It’s being called the biggest breach of all time and the mother of all breaches: COMB, or the Compilation of Many Breaches, contains more than 3.2 billion unique pairs of cleartext emails and passwords. While many data breaches and leaks have plagued the internet in the past, this one is exceptional in the sheer size of it. To wit, the entire population of the planet is at roughly 7.8 billion, and this is about 40% of that.

However, when considering that only about 4.7 billion people are online, COMB would include the data of nearly 70% of global internet users (if each record was a unique person). For that reason, users are recommended to immediately check if their data was included in the leak.

Full article: COMB – Biggest Data Breach of All Time Explained | CyberNews

CyberScotland offers centralised security resource hub

A coalition of 10 organisations – including the Scottish government, Police Scotland and the Scottish Business Resilience Centre (SBRC) – have clubbed together to set up the CyberScotland Partnership, designed to respond to calls for clarity around cyber security from both private individuals and businesses.

The National Cyber Security Centre (NCSC)-supported resource will provide a central online hub to offer resources for anyone seeking information and support across a number of cyber security and business resilience issues – as well as cyber careers and skills support and guidance.

Source: CyberScotland offers centralised security resource hub

Tech Companies Too Secretive About Algorithms That Curate Feeds

When social media platforms like Facebook, Twitter, and YouTube, which is owned by Google, cook up a complex algorithm to curate your feed, they’re making the choices they think will push you to spend more time on their platform, experts say, boosting their ad revenue. You don’t get to choose how the platforms select the posts or videos to deliver to you first, and in what order.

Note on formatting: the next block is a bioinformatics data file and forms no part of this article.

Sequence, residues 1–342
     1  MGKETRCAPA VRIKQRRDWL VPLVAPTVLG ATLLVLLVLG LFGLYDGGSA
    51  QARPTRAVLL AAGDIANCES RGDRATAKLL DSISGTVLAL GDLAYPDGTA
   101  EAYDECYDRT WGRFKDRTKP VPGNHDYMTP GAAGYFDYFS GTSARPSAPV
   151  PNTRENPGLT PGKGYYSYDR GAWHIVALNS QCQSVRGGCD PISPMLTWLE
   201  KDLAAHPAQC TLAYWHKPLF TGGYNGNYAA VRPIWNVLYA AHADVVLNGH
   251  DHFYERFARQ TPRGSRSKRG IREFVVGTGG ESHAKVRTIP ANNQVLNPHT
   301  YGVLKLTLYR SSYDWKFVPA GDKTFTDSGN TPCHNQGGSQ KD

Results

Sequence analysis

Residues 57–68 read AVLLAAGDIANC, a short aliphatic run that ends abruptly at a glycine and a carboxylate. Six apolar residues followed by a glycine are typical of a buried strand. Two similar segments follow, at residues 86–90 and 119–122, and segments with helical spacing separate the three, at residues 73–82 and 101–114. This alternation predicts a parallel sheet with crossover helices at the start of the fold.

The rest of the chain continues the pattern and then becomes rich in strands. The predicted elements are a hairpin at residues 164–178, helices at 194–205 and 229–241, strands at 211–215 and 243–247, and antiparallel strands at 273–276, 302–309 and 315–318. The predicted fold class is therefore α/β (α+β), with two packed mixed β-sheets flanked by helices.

The evaluation by Ranking Digital Rights found that powerful American technology companies are cagey with even the most basic details about their algorithmic systems.

Social media companies use a combination of human eyes and algorithmic systems to decide which posts to take down for violating their rules. For many users, those decisions are hard to decipher—like when users who discuss racism find that their accounts are flagged for hate speech.

Source: Algorithms That Curate Feeds & Tech Company Secrecy – Consumer Reports

More US states are on track to pass data privacy laws in 2021

U.S. states are slowly embracing policies to ensure that digital companies protect their users—or at least introduce more transparency.

llinois led the way in 2008 with the Biometric Information Privacy Act, a law that lets Illinois residents sue companies that collect their biometric data (face scans, fingerprints, etc.) without their consent. After Europe passed the General Data Protection Regulation in 2016, which entitles people to obtain any data collected on them and have their records deleted, California decided to use it as a framework for its own law.

The original CCPA has now inspired several look-alike laws in other states, as momentum builds for state-level privacy legislation. 2021 could be the year that privacy laws become more pervasive across the country, helping Americans wrest back some of the aspects of their digital lives.

Source: These states are on track to pass data privacy laws in 2021

Ranking Digital Rights flunks the tech giants

A new report on the human-rights policies of 26 tech and telecom firms around the world delivers a harsh verdict: From Alibaba to Vodafone, they all get an F.

The 2020 Ranking Digital Rights Corporate Accountability Index, as previewed in advance of its Wednesday posting, blames this collective failure to get “even close to earning a passing grade” on widespread opacity among these firms in how they analyze, promote, and demote the speech of their customers for marketing, advertising, and content-moderation purposes.

Source: Ranking Digital Rights flunks 26 tech firms and telcos